Caramel Coloring Dangers

Ever wonder how your “Coke or Pepsi” soda got it’s dark brown/black color? It actually comes from an ingredient often listed as “caramel coloring” …which isn’t so good for your health!

What Is Caramel Color?

Caramel coloring is the result is a burnt sugar and is the world’s most widely consumed (by weight) food coloring ingredient. It is not found only in colas, but also in sauces, gravies and baked goods.


Caramel Color Ingredients

The main concern scientists and consumers face today, is associated with the ingredients found within caramel color that form as a bi-product during processing. Recently (January 2014), The Food and Drug Administration (USA’s Health Regulatory body) started reviewing the literature and on Caramel Coloring in response to a study by Consumer Reports that showed varying levels of 4-methylimidazole – an impurity formed in some caramel coloring at low levels during the manufacturing process – in 12 brands of soda from five manufacturers.

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What is 4- MEI?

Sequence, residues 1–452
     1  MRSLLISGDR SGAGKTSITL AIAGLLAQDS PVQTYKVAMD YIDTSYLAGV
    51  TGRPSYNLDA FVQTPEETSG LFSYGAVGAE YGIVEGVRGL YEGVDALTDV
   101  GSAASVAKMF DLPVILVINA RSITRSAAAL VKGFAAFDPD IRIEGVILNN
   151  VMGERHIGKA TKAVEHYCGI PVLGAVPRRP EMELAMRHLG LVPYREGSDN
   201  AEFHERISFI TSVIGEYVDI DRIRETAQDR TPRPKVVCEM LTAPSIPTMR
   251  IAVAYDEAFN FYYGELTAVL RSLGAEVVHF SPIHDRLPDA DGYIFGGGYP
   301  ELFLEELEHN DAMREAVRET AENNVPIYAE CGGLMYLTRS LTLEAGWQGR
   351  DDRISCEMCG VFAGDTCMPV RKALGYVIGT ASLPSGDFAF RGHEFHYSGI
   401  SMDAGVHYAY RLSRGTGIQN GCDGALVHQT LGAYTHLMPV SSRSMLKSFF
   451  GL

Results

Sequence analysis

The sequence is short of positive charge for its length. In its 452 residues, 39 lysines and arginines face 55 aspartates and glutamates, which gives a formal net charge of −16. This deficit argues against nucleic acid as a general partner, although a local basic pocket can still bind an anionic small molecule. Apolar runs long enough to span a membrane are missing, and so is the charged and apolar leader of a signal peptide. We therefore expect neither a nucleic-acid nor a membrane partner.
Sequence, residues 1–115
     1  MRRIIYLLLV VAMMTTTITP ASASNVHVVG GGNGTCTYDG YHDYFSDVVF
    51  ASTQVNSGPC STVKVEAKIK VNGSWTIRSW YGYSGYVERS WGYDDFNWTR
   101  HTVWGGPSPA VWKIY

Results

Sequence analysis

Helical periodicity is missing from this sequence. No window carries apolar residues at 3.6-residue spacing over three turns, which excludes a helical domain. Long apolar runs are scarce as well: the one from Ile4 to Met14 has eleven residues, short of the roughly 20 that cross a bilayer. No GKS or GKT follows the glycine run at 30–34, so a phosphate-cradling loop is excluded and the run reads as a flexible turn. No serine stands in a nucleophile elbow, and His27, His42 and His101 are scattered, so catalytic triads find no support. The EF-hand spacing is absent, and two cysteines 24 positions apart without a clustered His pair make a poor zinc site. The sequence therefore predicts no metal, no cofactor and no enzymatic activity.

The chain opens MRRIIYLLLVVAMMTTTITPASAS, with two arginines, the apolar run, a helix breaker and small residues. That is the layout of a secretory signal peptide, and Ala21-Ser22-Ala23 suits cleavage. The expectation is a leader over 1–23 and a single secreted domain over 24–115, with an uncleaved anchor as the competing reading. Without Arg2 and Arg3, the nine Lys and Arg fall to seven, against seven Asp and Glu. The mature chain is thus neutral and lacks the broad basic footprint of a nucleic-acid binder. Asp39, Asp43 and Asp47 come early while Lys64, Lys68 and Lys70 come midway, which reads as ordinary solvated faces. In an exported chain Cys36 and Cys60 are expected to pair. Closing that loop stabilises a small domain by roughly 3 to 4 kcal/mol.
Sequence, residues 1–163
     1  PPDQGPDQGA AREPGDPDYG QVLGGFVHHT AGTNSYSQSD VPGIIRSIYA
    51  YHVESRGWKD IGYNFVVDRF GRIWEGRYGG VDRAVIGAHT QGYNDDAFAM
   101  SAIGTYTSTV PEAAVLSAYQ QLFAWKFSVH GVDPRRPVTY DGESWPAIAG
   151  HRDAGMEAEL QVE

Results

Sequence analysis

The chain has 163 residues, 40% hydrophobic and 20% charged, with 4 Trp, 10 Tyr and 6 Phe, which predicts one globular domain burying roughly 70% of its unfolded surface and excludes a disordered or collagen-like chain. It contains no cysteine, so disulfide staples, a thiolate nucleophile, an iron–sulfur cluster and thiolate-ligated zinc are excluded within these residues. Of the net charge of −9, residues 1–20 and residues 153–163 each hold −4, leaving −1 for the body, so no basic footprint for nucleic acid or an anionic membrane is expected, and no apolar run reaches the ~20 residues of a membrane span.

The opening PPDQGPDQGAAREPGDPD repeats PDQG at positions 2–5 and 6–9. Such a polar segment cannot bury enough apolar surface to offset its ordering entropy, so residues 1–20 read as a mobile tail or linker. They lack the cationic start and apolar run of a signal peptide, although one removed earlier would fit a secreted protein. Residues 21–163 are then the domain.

Though studies have to been conclusive about whether 4-methylimidazole is a carcinogen, California includes it on the state list of carcinogens and a state law mandates a cancer warning label on products that have a certain level of the substance. In reaction to that law, Coke, Pepsi and other soft drink makers have directed their caramel-colour suppliers to reduce the levels of 4-methylimidazole. Note however that It is not found in all caramel coloring’s.

Caramel Color Dangers

Why is this bad? It comes down to quantity consumed. Canadians consumed 3.5 billion liters of soft drinks in 2009, about 105 litres per person. What’s worse, is the Centre for Science in the Public Interest estimated that the caramel color in coke “Coke and Pepsi products” tested is causing about 15000 cancers in the U.S. population a year.

coca cola cancer

The World Health Organization’s International Agency for Research on Cancer has listed the chemical as being a possible cancer causing agent, while the State of California – under California’s Proposition 65 law – has placed a limit on the amount of caramel color that can be added to foods and beverages (29 mg), before a health-warning label must be applied to the manufacturer’s packaging. Unfortunately, it’s hard to keep tabs on the exact quantities these companies are putting in soft drinks, and studies are finding levels higher than 29 mg in one too many products.

So how can you avoid these harsh ingredients? It’s best to just limit the amount of soda you are consuming, or try to seek alternative options. Try looking on the label and avoiding the soda which has “caramel coloring” listed as an ingredient.